As for reading, Evelina and Oakes either subscribed to or bought directly (in Boston) various periodicals and newspapers.  One of her favorites was Godey’s Ladys Magazine, a popular women’s monthly published in Philadelphia. If Evelina looked through the March issue today, in the section entitled “Editors Book Table,” she may have read notices for two books just published by George Putnam in New York. The first was The Wide, Wide World by Elizabeth Wetherell (pen name for Susan Warner), a Christian-themed novel that would be a big bestseller and a mainstay of 19th century fiction for decades. The short review described the book as “carefully and naturally written, manifesting in every page the anxiety of the author […] to inculcate profitable lessons in real life.” Both Evelina and her daughter would read it.

James Fenimore Cooper’s The Pathfinder was next in the list of new books and promised more adventure than The Wide, Wide World. Evelina never mentioned reading any of Cooper’s books but perhaps her sons, who also loved to read, enjoyed the Leather Stocking Tales.

February 23, 1851

Map of Maine, 1850

Map of Maine, 1850

1851

Feb 23  Sunday  Have not been to church to day on account

of my cough, although it is a great deal better.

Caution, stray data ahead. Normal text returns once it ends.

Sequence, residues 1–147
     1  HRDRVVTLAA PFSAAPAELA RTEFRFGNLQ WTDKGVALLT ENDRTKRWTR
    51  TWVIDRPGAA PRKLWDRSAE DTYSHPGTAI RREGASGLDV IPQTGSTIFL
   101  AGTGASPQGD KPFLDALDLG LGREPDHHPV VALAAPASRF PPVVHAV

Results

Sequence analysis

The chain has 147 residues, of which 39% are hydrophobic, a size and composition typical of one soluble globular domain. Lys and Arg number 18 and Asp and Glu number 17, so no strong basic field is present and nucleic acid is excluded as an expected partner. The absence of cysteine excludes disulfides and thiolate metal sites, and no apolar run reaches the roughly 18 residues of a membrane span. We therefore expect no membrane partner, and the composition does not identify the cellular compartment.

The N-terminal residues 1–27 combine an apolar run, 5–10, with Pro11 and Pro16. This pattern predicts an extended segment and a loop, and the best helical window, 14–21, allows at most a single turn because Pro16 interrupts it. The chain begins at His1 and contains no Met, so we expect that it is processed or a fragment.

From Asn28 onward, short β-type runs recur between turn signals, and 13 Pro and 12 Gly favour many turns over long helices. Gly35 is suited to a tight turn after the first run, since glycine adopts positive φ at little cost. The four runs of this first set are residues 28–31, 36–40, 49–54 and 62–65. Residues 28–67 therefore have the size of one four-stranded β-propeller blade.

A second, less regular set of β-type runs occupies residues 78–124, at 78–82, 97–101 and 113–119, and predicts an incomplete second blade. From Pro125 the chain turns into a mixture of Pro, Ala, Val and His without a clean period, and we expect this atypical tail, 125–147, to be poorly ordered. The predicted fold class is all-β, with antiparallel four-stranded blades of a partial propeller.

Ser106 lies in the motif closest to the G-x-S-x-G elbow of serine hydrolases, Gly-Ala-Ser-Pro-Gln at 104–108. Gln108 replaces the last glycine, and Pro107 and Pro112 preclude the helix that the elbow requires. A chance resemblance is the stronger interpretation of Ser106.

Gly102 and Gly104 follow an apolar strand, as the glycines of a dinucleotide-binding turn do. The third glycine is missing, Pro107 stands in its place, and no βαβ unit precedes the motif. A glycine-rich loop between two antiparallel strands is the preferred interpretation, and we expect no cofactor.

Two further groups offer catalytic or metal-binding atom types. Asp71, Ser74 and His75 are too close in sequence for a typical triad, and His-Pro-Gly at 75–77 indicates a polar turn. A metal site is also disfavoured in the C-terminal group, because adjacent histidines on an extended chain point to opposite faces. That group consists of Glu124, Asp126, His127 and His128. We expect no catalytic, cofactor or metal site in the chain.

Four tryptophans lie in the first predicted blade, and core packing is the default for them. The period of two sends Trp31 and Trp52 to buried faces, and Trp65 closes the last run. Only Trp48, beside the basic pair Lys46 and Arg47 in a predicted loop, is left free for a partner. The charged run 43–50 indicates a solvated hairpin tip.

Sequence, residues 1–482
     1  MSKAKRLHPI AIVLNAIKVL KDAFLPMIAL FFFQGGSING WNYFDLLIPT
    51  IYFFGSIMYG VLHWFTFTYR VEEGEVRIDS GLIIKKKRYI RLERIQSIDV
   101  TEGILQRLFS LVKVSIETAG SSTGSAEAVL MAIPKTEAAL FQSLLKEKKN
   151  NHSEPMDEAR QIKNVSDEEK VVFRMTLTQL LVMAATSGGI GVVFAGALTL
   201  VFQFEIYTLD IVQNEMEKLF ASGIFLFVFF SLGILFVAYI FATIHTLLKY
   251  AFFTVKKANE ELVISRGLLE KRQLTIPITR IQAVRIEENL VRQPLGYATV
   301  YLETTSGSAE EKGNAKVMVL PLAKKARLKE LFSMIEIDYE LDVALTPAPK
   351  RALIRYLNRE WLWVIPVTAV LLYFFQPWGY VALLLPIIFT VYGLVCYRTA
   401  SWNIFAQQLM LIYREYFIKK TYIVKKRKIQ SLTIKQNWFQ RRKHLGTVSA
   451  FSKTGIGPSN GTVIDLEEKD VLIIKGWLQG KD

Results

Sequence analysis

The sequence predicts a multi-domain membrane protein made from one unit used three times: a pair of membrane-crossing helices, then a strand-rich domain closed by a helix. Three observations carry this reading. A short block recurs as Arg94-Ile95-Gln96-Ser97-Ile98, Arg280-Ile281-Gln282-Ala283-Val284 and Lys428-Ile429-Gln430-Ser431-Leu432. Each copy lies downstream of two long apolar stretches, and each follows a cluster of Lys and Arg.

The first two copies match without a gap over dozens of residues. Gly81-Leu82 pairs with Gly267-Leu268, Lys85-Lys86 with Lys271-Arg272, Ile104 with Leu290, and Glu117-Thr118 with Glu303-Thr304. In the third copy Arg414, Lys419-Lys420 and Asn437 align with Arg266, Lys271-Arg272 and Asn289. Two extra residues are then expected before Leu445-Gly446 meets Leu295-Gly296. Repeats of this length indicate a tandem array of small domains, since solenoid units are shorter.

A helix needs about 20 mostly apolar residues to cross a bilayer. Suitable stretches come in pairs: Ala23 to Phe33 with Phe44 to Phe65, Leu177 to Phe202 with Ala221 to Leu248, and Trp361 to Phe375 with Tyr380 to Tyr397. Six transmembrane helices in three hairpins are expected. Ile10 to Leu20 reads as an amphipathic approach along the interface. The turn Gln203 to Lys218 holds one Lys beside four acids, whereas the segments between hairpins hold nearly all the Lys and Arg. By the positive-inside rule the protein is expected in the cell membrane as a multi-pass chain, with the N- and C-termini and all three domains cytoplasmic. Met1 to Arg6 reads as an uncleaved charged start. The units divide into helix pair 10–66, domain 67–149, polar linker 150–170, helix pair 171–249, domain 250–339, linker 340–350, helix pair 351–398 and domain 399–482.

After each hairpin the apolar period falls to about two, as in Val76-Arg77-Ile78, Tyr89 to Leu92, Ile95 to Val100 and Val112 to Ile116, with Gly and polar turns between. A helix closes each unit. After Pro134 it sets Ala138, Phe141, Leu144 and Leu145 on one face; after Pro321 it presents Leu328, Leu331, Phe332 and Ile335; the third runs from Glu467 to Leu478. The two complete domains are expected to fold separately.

Orinthia staid at home too, having a bad cold and 

being a good deal fatigued.  We have had a nice 

quiet time talking over Maine affairs.  She spent

Thursday night at Mr Mowers.  Have written a long

letter to Louise J. Mower to day.  Mr Whitwell exchanged

with Mr Bradford of Bridgewater.  It is a lovely day.

This was the second Sunday in a row that Evelina missed going to meeting.   She stayed behind ostensibly to keep the new boarder company and to nurse the lingering cough that she admitted to herself was much better.  Was she still avoiding certain people at church, or had she gotten past the Sewing Circle incident?  Whatever her reasoning, she had a pleasant visit with young Orinthia Foss, the new schoolteacher.

Orinthia seems to have hailed from the state of Maine, where the Ames family had vital business connections.  The wooden handles of the Ames shovels came from Maine, where good wood like ash was still plentiful. Massachusetts, on the other hand, in 1850, was fairly well devoid of decent stands of hardwood after two centuries of settlement and development.  Wood from Maine was a critical resource for the Ames enterprise and over the years, one or other of the Ames men made a periodic trip north to examine the supply and cultivate the connections. Oliver Jr., for instance, made a trip to Wayne, Maine, near Augusta, in the mid-1860s.

On her journey to North Easton, Orinthia Foss spent a night with the Warren Mower family in Greene, Maine, a town near today’s Lewiston-Auburn area. Quite wooded, and close to the Androscoggin River as well.   Mrs. Warren Mower was the former Louisa Jane Gilmore born in Leeds, Maine, in 1820. Was she a relative, perhaps? Evelina’s eldest brother, John Gilmore, lived in Leeds, having moved there from Easton in the 1840s.  What was the connection? Whether or not they were related, Evelina and Louisa were clearly friends who corresponded regularly.